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Pore-Scale Analysis of Calcium Carbonate Precipitation and Dissolution Kinetics in a Microfluidic Device

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posted on 2019-12-02, 20:03 authored by Hongkyu Yoon, Kirsten N. Chojnicki, Mario J. Martinez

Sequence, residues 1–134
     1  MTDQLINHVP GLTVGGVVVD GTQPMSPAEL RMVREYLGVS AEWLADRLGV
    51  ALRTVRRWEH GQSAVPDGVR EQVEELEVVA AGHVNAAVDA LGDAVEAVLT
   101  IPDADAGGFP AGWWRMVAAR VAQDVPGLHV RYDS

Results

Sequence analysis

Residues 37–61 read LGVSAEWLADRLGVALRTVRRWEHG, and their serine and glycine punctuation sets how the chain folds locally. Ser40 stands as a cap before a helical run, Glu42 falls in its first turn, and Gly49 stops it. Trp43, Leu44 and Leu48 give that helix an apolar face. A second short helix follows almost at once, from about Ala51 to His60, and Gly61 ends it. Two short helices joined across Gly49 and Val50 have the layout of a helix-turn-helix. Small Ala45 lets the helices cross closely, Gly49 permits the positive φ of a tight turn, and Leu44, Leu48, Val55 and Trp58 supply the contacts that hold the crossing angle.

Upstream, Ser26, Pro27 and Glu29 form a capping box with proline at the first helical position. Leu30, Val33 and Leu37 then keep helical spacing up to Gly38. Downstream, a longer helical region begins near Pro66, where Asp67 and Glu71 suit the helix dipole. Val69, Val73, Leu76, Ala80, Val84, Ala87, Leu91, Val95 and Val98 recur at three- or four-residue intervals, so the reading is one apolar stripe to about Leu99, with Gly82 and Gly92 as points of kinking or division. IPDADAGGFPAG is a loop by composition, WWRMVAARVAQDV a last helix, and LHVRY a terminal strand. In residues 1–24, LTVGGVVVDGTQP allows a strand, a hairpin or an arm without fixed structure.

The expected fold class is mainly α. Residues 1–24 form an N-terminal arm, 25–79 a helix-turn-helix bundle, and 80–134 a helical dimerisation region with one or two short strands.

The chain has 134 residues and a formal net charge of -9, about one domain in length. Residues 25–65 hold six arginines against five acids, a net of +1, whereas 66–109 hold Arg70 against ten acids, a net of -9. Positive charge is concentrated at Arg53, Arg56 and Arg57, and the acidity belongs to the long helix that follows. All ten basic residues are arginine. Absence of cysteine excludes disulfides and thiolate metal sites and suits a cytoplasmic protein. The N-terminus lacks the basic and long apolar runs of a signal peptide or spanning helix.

In this work, we have characterized the calcium carbonate (CaCO3) precipitates over time caused by reaction-driven precipitation and dissolution in a micromodel. Reactive solutions were continuously injected through two separate inlets, resulting in transverse-mixing induced precipitation during the precipitation phase. Subsequently, a dissolution phase was conducted by injecting clean water (pH = 4). The evolution of precipitates was imaged in two and three dimensions (2-, 3-D) at selected times using optical and confocal microscopy. With estimated reactive surface area, effective precipitation and dissolution rates can be quantitatively compared to results in the previous works. Our comparison indicates that we can evaluate the spatial and temporal variations of effective reactive areas more mechanistically in the microfluidic system only with the knowledge of local hydrodynamics, polymorphs, and comprehensive image analysis. Our analysis clearly highlights the feedback mechanisms between reactions and hydrodynamics. Pore-scale modeling results during the dissolution phase were used to account for experimental observations of dissolved CaCO3 plumes with dissolution of the unstable phase of CaCO3. Mineral precipitation and dissolution induce complex dynamic pore structures, thereby impacting pore-scale fluid dynamics. Pore-scale analysis of the evolution of precipitates can reveal the significance of chemical and pore structural controls on reaction and fluid migration.

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